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These Syrians were able to flee their homes, but now have to sleep in the freezing cold

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These Syrians were able to flee their homes, but now have to sleep in the freezing cold

WATCH |  Freezing temperatures add to hardships for Syrians 

At night, temperatures can drop below freezing in Om Abdo's tent. The mother of two lives in a temporary shelter in Harem, a town in Syria's northwest Idlib province. 

Surviving in freezing temperatures

"The tents are falling down because of the snow ... it's really freezing here. We just burn wood to keep us warm," Abdo told Circa.

For the six million Syrians displaced inside their own country, the winter weather only adds to their hardships. 

"We just need your mercy, if you can bring us clothes and blankets to protect us from the cold weather," Abdo said. 


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Humanitarian agencies have warned the frigid conditions can lead to hypothermia and respiratory problems. Children already suffering from malnutrition are especially vulnerable. 


The whole province is incredibly overcrowded at the moment.
Caroline Anning, Save the Children

Since the war in Syria began six years ago,  some 700,000 internally displaced people have found shelter in Idlib, according to OCHA, the United Nation's humanitarian affairs office. Many of the civilians and fighters who fled eastern Aleppo as part of an evacuation deal reached last month arrived in Idlib, and are now staying in temporary shelters or with host families.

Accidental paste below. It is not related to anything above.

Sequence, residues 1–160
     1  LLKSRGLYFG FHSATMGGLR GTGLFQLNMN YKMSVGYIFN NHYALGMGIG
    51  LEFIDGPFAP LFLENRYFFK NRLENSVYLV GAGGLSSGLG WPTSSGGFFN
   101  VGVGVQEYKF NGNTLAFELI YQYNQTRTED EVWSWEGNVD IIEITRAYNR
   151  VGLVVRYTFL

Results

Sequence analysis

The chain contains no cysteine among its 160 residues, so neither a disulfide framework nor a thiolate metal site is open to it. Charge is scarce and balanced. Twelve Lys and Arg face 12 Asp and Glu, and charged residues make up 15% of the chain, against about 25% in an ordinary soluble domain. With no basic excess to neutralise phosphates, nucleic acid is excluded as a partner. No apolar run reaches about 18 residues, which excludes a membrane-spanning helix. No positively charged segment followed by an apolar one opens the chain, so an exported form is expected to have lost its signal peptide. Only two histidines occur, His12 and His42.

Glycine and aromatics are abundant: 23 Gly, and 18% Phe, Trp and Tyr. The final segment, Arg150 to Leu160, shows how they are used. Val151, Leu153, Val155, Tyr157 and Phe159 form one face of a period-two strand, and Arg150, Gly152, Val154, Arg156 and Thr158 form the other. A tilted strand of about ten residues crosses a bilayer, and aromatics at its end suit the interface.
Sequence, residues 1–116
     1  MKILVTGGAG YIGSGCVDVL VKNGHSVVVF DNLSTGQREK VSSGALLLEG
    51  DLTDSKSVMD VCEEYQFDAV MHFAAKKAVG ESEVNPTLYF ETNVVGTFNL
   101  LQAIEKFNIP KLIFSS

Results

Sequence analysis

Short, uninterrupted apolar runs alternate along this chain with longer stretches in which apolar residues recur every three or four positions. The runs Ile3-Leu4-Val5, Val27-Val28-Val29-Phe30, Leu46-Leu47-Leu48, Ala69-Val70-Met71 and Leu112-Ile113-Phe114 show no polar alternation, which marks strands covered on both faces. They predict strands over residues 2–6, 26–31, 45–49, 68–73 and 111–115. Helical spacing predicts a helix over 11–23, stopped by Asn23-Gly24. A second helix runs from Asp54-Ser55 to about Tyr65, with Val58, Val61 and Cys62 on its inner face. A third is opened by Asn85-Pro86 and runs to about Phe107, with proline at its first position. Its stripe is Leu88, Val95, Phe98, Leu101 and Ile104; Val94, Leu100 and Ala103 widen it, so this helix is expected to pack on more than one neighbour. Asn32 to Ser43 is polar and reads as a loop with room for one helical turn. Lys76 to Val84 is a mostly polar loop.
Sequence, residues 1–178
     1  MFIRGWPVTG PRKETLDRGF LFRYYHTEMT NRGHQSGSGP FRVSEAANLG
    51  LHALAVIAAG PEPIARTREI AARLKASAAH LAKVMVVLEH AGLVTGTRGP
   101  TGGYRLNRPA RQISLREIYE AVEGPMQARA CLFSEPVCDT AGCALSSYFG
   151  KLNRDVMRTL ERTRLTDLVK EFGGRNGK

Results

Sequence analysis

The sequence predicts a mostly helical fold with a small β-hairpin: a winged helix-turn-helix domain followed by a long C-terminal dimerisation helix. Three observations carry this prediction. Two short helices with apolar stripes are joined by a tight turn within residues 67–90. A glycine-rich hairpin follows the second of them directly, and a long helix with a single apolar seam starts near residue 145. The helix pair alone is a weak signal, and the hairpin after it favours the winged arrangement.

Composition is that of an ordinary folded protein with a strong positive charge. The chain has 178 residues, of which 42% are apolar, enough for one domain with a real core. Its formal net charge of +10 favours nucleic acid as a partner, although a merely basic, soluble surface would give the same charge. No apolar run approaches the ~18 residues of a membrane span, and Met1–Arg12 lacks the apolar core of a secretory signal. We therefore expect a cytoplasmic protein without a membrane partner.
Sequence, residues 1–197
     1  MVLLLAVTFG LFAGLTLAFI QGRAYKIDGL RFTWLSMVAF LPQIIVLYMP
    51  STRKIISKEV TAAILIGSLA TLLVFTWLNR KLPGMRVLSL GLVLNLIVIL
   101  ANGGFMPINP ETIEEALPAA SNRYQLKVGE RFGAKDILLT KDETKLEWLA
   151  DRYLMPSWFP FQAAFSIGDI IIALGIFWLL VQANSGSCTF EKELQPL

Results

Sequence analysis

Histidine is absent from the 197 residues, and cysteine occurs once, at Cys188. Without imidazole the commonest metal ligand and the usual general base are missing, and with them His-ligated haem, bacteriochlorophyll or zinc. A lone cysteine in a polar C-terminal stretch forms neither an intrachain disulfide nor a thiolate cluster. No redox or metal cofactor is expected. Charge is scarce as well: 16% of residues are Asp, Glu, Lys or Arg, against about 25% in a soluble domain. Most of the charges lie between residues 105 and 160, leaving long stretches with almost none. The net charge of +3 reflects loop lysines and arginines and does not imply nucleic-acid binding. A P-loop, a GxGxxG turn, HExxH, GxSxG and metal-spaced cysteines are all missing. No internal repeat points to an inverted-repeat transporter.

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As a spokesperson for the International Rescue Committee recently put it, "escaping Aleppo doesn't mean escaping the war." 


Still a target

Currently held by a coalition of rebel groups including the hardline Ahrar al-Sham and the former Al-Qaeda affiliate Fateh al-Sham Front, the northwestern province is the biggest rebel stronghold left in the country and remains a target of Syrian and Russian airstrikes.

"It's been a huge strain in an area which is already itself war-torn and under strain. So, schools, hospitals and housing are all in massively short supply," Caroline Anning, humanitarian media manager for Save the Children said. 



This story includes contributions from Zouhir al-Shimale

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